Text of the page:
Running With Scissors fans expect outrageous fun from the actor/comedian troupe. It's current production of Charles Busch's Die! Mommy! Die! at Le Chat Noir is no disappointment.
As the title of the play suggests, this satire fits comfortably in the genre sometimes known as "Grande Dame Guignol," a strain of horror camp. The play opens in 1967 in the swanky/tacky Hollywood home of Sol Sussman (Bob Edes Jr.), a once-celebrated movie producer who's lost his golden touch at the box office. Sussman's professional nose-dive began when he put out a musical starring his wife Angela (Brian Peterson), who is easing out of her prime.
As the action begins, Sol is off in Spain trying to raise money for a new film. While awaiting his return, the rest of the household struggles through daily traumas and squabbles. In her floor-length black robe, grande dame Angela is like a melodramatic Medea who's stumbled onto a Marx brothers' set. She's gotten involved with Tony Parker (Leon Contavesprie), a TV actor, tennis pro and gigolo. Parker has a knack for calming the volcanic Angela.
Like her husband and her lover, Angela is intent on making a comeback by rekindling her singing career. Comebacks haunt the play as three of the main characters obsess over regaining former heights. But the real drama is more operatic having to do with love and betrayal, murder and bloodshed.
Parker proposes he and Angela share a townhouse in New York. He's found one with a piano so she can practice a new act she's putting together for the Borsht Belt circuit.
Sol's daughter Edie (Dorian Rush), whose canary yellow hemlines barely cover the facts, is mad for her daddy and hates her mom: "L.A.'s best-dressed whore," she snarls. When her dad returns, she kisses him on the lips at every opportunity with a relish that would win a nod of satisfaction from Freud.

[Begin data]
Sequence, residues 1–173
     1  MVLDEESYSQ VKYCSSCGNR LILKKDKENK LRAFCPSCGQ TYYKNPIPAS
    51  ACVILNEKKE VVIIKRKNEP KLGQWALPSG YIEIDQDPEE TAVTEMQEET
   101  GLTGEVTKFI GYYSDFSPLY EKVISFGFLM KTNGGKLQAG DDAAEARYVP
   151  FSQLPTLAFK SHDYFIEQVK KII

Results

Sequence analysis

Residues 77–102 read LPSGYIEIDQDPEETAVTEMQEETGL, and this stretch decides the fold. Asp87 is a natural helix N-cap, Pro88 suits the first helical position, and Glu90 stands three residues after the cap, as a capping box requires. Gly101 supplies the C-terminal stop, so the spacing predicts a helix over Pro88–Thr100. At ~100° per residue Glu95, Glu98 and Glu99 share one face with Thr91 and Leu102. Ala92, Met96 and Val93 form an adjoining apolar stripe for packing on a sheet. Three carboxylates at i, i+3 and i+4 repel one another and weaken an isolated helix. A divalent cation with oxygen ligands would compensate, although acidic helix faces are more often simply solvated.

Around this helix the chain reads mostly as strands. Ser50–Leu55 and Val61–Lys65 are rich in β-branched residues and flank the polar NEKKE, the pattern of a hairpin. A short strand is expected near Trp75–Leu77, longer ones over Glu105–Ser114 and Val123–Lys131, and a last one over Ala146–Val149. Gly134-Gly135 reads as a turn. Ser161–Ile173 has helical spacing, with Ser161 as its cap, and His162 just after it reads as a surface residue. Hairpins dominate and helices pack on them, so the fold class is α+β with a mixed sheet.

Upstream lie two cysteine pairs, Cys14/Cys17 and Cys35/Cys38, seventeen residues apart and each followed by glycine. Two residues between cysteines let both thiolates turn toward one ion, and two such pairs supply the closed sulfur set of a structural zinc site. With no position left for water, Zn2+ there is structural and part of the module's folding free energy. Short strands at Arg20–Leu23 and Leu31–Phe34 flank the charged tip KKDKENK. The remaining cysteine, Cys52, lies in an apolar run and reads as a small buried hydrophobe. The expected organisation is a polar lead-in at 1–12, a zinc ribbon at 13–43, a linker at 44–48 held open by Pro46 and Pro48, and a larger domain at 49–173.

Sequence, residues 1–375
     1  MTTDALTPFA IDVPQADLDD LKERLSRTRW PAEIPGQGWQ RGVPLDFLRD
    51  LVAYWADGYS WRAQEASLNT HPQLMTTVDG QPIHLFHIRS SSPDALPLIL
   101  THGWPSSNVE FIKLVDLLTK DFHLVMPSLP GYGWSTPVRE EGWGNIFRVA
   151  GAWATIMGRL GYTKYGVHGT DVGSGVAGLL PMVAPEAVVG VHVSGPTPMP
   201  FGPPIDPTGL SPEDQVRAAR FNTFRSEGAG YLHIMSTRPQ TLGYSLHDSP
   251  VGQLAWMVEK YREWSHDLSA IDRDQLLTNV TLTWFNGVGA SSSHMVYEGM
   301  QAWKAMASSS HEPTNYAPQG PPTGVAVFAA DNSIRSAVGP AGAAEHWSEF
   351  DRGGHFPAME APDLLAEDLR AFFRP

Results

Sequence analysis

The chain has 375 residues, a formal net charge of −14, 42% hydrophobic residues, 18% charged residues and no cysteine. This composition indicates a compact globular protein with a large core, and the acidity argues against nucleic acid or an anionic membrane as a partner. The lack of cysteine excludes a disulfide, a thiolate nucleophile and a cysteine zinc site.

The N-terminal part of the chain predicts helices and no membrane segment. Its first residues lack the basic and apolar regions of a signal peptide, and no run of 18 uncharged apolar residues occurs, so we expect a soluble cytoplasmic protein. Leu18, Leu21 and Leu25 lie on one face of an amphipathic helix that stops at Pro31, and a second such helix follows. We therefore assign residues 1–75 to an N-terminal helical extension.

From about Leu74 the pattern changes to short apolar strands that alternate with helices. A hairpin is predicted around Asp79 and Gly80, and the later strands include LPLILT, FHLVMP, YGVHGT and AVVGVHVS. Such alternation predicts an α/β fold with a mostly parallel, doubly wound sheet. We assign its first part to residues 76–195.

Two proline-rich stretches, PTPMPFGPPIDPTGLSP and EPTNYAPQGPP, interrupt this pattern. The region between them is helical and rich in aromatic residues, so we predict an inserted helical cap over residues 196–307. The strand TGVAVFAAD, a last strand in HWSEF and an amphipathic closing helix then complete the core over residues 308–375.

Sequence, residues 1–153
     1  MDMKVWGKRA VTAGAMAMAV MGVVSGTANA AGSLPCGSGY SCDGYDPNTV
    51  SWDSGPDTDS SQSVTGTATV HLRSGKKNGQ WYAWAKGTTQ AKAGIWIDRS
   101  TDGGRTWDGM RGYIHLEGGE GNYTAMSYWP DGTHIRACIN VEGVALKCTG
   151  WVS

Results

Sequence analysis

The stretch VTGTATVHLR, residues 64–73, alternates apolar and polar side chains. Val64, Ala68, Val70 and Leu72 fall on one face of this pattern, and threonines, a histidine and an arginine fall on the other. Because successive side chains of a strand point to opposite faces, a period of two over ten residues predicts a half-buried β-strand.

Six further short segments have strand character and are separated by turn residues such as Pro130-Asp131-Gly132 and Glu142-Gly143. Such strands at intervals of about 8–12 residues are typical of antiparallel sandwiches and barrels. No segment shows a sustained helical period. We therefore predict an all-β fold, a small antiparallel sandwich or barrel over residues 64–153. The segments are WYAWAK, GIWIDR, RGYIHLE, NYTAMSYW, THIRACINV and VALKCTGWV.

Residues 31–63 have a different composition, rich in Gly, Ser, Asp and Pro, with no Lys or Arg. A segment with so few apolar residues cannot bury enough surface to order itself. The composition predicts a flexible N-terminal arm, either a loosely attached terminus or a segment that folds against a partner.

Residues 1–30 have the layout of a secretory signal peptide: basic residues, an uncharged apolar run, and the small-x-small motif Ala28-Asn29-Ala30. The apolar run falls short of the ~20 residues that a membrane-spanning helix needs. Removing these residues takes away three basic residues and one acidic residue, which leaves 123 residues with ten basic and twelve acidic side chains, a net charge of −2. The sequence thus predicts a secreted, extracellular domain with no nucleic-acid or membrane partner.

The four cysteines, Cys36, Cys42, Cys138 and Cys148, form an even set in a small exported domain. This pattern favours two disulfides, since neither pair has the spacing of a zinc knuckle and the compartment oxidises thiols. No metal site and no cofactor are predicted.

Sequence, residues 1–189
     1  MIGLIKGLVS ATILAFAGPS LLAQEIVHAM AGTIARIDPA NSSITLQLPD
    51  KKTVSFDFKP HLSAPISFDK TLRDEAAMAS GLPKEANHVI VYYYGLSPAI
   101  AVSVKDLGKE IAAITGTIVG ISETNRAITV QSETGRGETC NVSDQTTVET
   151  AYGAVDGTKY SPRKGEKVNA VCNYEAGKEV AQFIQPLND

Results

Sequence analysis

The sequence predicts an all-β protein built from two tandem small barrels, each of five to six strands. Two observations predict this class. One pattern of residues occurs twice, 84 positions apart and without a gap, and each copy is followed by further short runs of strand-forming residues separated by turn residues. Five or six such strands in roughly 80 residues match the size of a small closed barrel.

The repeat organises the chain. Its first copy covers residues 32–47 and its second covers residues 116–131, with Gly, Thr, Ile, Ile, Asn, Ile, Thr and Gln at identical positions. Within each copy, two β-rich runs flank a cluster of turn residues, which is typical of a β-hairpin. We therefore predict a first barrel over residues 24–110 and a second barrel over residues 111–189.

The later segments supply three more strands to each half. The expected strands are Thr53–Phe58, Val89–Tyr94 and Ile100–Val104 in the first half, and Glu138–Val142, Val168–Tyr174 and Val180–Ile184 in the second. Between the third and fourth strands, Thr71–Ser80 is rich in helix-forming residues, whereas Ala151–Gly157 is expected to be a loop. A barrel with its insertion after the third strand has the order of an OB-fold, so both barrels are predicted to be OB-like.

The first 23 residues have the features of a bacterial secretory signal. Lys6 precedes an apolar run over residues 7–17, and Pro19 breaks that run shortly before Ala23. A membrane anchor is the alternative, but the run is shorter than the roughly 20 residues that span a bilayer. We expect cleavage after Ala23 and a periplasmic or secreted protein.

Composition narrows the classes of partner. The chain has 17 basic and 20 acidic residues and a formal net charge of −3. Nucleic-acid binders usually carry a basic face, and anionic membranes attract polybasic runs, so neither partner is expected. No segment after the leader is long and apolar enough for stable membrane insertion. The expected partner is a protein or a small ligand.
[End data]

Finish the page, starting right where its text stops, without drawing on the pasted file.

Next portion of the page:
The maid, Bootsie (Jack Long), completes the Sussman household. She's a country girl with a born-again love of spouting gospel quotes when not sucking up dust with her Electrolux vacuum.
In comes Sol, home at last, using Yiddish words and phrases: "The airplane food is pure drek." Sol and wife Angela argue about Lance (Dwayne Sepcich), their gay son, whose sexual preferences and general instability Sol blames on Angela because she disobeyed the doctor and continued to take sleeping pills during her pregnancy.
The narrative, which has been slipping giddily toward a precipice, topples over into a void of outlandish exaggeration. Sol borrowed $40 million from the mafia to make his next movie and can't pay a penny back. It's a death sentence. Plus, traveling has left him with severe constipation. He'll need "a nuclear powered suppository." Wife Angela has acquired a vial of poison that she pours into a glass of warm milk on the pretext of helping cure his constipation. When he refuses to drink it, she soaks the giant suppository he bought, and in a hysterical scene that defies description, she inserts the suppository where it can work its good or evil.
But the mayhem is only beginning. Angela is not who she seems and is hilariously revealed when Edie and Dwayne sweeten her evening coffee with a sugar cube laced with L.S.D. Next, knives flash and slash. Scissors are hurled into cheeks. Surprise follows surprise and complications abound.
Running With Scissors has a knack for making preposterous tales so much fun. A low bow goes to the talented cast as well as to Richard Read (video and sound), Kate Jensen (costumes), Brian Peterson (wigs), Su Gonczy (lights) and the rest of the crew.